By Nobleman Runyanga
Over the weekend the South African authorities announced that country’s third confirmed COVID-19 case raising the urgency of the need to prepare for the possibility of the dreaded virus invading our borders. Since the emergence of the virus in China late last year, talk on the streets and the social media has centred on the state of Government’s preparedness for that day when a suspected coronavirus case will be confirmed.
Yes, Government needs to be prepared and it has so far spared no effort or resource in this regard. It has converted the Wilkins Infectious Diseases Hospital in Harare into a centre for the isolation and testing of suspected cases. The facility has so far handled five cases with three of them testing negative while the other two are still under quarantine and monitoring.
Concerns have also been raised over Government’s capacity to handle the COVID-19 scourge. As a member of the United Nations (UN), Zimbabwe is receiving guidance and advice from the World Health Organisation (WHO) on how to handle the cases. So it is not as if the country is on its own as doomsayers and anti-Government elements in our midst would want the world to believe.
The Chinese Government has pledged to refurbish and equip Wilkins Infectious Diseases Hospital to improve its capacity to handle suspected and confirmed cases. To this end, China is set to dispatch a team of experts to visit Wilkins Hospital soon to assess the facility’s needs as part of the Eastern Asian county’s initiative to assist African countries to deal with the coronavirus. Where local facilities fall short as in the case of test confirmation laboratories, the country leverages on its cordial relations with South Africa to ensure that nothing is left to chance.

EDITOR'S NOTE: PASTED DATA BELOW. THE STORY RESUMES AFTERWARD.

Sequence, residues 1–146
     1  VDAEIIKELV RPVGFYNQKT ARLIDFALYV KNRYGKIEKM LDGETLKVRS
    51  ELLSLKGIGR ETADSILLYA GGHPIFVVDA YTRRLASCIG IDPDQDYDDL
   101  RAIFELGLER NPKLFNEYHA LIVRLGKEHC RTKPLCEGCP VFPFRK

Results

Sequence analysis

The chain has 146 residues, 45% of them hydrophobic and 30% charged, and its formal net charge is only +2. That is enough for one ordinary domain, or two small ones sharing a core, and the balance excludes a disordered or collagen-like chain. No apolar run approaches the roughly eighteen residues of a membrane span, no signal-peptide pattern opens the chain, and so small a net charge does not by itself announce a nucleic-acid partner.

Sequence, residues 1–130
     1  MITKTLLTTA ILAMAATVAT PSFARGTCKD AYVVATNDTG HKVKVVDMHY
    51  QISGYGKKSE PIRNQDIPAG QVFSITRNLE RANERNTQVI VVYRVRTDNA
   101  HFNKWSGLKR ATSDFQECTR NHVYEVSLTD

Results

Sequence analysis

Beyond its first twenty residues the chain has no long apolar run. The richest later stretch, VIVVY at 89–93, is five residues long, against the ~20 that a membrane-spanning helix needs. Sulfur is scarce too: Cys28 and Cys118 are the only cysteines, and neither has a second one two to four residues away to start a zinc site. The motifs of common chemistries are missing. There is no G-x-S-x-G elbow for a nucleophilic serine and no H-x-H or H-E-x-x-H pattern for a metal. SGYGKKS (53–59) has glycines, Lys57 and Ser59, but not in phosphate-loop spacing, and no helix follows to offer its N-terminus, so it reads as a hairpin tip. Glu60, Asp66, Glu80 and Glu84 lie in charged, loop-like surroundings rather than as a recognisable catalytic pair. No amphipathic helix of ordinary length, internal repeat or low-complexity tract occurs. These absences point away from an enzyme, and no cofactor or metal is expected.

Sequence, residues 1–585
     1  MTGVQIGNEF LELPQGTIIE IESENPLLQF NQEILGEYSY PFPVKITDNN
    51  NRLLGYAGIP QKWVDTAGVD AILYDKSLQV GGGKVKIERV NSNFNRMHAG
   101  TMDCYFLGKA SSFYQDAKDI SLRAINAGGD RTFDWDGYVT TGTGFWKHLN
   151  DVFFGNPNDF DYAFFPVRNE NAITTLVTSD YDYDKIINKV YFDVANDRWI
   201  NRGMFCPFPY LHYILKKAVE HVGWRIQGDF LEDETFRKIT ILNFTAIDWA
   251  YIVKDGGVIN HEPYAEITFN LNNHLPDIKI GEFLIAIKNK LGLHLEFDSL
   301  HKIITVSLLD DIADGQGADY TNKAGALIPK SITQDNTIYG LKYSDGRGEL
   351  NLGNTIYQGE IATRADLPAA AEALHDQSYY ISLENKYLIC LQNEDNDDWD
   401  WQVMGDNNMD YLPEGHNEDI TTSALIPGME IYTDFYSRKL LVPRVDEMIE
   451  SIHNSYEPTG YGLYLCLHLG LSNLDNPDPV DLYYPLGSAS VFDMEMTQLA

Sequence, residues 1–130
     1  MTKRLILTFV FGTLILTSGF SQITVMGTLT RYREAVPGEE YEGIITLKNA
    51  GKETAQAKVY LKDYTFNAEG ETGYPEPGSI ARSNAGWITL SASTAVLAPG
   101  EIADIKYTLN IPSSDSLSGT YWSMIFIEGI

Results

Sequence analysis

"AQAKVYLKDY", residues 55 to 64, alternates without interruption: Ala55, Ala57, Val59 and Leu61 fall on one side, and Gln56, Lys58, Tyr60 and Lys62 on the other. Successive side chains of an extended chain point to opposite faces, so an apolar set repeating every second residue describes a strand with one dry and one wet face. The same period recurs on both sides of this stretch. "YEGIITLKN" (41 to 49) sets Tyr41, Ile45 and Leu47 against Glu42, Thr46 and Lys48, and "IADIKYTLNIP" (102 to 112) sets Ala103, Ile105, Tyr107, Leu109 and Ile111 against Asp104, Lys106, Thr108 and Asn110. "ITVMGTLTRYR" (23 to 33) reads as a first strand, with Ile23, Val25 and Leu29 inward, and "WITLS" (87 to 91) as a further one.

Other people have even criticised these arrangements as though they do not know the enormity of the economic challenges which the country has had to contend with since 2001 when illegal sanctions were imposed on the country. Such people should be reminded that success in any endeavour in life has never been about meeting one’s objectives single-handedly. It can also be achieved through partnerships. Even those developed countries, which anti-Government elements look up to as their role models, also tap onto the benefits of partnerships.
If the country’s economic circumstances were normal the country would have all it needs to handle the COVID-19 outbreak. Such people should remember that President Emmerson Mnangagwa’s administration cannot undo in two years a negative situation which developed over a two-decade period. In view of this, Government is doing its best under the circumstances to deal with the situation at hand.
Some citizens have accused Government of hiding information relating to cases of COVID-19 with the recent case of a Mutare-based Chinese woman, who travelled from China to Zimbabwe during the last week of January but did not present herself to health authorities for the requisite tests only to die on her way to Wilkins Infectious Diseases Hospital after presenting to her doctor with complains of difficulties in breathing, being insinuated as having been hidden from the public. Nothing is further from the truth. Government gains nothing by hiding any information on the COVID-19 scourge.